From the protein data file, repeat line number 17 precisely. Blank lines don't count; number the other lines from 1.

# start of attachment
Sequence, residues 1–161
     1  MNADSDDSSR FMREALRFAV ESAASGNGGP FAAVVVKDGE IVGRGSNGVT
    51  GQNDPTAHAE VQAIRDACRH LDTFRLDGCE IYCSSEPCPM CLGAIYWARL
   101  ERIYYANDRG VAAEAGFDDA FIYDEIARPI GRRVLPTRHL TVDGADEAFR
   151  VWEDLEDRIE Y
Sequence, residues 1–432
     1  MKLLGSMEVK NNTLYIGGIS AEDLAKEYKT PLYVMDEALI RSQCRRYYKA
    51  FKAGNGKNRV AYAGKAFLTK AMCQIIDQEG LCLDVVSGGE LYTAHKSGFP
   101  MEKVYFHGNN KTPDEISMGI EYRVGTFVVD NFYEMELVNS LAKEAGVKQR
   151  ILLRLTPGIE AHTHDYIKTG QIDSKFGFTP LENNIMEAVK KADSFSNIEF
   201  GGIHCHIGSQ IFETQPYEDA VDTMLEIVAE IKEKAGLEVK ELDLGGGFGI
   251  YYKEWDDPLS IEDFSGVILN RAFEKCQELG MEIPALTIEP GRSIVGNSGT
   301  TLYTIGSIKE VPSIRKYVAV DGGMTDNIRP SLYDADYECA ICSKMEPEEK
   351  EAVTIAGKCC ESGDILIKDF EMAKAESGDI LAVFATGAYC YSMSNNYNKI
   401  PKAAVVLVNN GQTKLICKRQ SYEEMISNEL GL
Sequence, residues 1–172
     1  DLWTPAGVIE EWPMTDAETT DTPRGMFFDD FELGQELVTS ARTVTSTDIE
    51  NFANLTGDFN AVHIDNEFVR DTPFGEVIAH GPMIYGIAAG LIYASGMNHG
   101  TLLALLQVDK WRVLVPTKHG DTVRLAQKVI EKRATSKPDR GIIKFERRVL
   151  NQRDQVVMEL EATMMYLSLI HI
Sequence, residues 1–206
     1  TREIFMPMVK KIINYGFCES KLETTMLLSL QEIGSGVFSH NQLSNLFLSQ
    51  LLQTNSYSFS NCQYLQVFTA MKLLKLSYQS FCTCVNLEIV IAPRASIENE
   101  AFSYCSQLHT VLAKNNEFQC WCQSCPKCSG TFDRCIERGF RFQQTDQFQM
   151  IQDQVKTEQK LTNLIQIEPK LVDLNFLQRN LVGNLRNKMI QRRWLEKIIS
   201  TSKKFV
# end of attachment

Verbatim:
     1  DLWTPAGVIE EWPMTDAETT DTPRGMFFDD FELGQELVTS ARTVTSTDIE